10 Issues New CMS Administrator Will Face

Cheryl Clark, for HealthLeaders Media , April 5, 2010

This will include selecting and presiding over the launch of dozens or hundreds of quality demonstration projects—some of them probably controversial and unpopular—and translate the best ideas into pilot projects or proceed to national programs or evidence based care. This is sure to make friends, as well as enemies.

5. Work with 56 state and territorial Medicaid programs, many of which has different coverage rules, shares of payments, and eligibility criteria for 60 million beneficiaries.

6. Repel what are sure to be Congressional efforts to modify authority over certain healthcare industries, including durable medical equipment suppliers and corporations that make imaging technology.

7. Beef up efforts to find fraud, waste, and abuse, and discourage practices that lead to it.

In the last year, CMS has responded to numerous criticisms from the Office of Inspector General and the General Accountability Office that it must do a better job in handling claims and pursuing the recovery of overpayments.

8. Oversee changes to the Medicare Advantage formula, which critics charge now pays private insurers $12 billion a year more than if the beneficiaries received care under the traditional Medicare fee-for service rules.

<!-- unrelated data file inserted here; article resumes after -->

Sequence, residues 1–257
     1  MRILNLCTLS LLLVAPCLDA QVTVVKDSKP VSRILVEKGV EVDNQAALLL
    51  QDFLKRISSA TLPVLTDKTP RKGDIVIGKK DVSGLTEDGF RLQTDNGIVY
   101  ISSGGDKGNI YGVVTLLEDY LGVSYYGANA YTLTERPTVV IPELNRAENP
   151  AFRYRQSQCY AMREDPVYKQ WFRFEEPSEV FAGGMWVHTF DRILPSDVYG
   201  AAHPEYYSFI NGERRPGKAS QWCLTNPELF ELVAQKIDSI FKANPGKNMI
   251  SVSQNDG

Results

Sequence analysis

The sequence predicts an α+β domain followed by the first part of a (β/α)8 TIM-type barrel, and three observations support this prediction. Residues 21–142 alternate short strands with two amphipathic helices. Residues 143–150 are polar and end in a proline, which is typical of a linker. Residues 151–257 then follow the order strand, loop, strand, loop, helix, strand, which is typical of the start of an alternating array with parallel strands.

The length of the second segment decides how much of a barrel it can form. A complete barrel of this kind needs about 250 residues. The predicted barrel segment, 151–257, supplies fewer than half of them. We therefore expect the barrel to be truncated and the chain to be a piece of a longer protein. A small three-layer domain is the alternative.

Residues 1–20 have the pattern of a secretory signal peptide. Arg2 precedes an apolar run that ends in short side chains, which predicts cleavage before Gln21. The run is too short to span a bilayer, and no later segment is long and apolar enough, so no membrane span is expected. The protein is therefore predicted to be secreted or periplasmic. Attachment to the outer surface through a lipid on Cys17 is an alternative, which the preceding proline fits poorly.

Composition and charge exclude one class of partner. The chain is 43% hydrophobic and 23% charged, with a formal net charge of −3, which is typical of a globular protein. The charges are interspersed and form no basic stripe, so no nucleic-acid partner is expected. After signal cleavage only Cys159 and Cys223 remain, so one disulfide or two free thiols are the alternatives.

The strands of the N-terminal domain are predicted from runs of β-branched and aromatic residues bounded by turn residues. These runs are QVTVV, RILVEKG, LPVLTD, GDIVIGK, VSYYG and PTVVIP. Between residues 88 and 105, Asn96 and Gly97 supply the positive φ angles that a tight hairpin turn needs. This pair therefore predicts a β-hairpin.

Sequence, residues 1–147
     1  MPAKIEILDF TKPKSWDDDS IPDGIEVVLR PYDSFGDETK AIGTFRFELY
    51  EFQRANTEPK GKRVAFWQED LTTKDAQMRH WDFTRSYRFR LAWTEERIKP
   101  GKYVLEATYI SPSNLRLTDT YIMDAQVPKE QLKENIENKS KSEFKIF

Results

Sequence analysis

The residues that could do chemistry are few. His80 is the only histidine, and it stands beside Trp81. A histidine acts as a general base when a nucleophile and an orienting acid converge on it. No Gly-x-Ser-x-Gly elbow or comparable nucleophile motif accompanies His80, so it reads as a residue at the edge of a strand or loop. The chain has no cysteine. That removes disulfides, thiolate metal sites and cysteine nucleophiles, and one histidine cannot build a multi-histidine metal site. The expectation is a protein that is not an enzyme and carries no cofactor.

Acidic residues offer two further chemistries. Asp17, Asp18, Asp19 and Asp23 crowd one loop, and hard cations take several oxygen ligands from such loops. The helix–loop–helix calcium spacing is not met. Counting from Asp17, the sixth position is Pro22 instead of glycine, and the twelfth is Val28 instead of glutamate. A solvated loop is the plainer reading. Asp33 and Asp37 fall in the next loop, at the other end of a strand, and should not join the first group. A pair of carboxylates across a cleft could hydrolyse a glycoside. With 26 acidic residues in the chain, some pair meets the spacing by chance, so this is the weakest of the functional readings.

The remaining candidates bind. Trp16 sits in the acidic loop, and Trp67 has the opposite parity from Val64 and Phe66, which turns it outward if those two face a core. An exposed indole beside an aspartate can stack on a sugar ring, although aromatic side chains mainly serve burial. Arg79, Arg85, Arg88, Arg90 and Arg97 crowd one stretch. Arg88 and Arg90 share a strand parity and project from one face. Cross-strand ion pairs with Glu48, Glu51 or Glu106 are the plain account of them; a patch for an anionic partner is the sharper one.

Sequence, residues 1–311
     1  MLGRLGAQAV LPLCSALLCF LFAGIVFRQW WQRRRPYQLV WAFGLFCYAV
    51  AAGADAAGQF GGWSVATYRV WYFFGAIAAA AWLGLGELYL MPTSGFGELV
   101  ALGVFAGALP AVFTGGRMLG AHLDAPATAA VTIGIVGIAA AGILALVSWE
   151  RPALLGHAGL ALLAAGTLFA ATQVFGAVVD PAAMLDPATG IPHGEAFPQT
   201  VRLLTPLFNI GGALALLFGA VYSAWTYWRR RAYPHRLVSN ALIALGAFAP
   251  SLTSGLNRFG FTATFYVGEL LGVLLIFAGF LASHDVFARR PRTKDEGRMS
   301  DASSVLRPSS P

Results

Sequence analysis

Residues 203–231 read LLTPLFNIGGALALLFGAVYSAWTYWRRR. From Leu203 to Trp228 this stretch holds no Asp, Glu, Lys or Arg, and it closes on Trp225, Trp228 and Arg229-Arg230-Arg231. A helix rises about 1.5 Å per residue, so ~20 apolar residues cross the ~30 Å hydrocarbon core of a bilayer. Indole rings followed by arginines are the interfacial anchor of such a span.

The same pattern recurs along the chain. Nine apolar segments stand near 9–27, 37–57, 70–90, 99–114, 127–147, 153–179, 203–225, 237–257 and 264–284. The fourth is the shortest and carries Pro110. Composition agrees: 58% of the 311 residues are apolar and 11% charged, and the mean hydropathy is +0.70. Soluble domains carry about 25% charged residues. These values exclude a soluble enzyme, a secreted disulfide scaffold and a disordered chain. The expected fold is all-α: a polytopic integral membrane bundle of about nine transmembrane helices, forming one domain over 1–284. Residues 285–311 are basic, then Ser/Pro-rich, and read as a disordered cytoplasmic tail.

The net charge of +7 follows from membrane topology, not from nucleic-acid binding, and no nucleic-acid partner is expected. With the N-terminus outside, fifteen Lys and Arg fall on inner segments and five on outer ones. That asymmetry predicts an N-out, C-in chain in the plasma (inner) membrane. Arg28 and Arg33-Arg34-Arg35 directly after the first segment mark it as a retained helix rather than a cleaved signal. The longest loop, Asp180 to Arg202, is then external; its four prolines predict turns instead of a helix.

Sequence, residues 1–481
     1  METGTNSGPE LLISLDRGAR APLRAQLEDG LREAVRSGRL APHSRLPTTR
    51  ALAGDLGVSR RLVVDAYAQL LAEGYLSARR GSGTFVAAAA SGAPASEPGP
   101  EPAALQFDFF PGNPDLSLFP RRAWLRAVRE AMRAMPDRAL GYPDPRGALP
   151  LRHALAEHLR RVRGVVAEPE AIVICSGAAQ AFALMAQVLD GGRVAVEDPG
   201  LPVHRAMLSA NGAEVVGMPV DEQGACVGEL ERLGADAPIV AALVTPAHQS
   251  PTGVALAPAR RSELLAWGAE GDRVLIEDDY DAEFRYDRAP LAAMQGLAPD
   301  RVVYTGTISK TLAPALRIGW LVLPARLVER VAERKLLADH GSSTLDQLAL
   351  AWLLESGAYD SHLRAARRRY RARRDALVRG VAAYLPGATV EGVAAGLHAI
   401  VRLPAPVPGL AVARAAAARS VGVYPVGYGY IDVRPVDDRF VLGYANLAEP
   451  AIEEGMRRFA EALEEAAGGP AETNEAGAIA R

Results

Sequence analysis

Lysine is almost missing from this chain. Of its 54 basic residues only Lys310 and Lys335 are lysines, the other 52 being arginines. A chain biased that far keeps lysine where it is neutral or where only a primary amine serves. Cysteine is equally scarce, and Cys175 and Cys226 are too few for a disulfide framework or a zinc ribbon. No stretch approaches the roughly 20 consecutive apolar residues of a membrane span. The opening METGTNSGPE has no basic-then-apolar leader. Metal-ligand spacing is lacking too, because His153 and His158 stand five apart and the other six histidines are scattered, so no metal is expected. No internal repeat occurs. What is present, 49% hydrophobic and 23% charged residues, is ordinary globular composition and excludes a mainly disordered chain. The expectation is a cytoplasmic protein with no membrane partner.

9. Increase capacity for an estimated 15 million to 18 million more people to receive Medicaid, a special challenge because many physicians are critical of Medicaid's low fee schedules.

More doctors are declining to see new Medicaid patients and some are closing appointments for existing patients because of Medicaid's payment level. The new director has to see a way to change that course and encourage physicians to reopen their doors to Medicaid patients.

10. Strengthen and perhaps increase frequency of on-site reviews of hospitals where mistakes, avoidable hospital-acquired infections, and other conditions or quality problems have become common and severe.

Hospitals now contract to treat Medicare patients by agreeing to provide certain quality of care, and if they consistently fail to meet those agreements, CMS may threaten to end the contract, resulting in the hospital's failure to receive federal reimbursement. Some 100 U.S. hospitals are regularly threatened with loss of revenue each year, but nearly all repair the deficiencies in time.

"He's going to have to bend the cost curve while improving quality, and that's the big yawning gulf that exists right now," says Childs. "He's going to have to implement changes in the payment structure that will shift the system from paying for quantity to paying for quality."

Cheryl Clark is senior quality editor and California correspondent for HealthLeaders Media. She is a member of the Association of Health Care Journalists.

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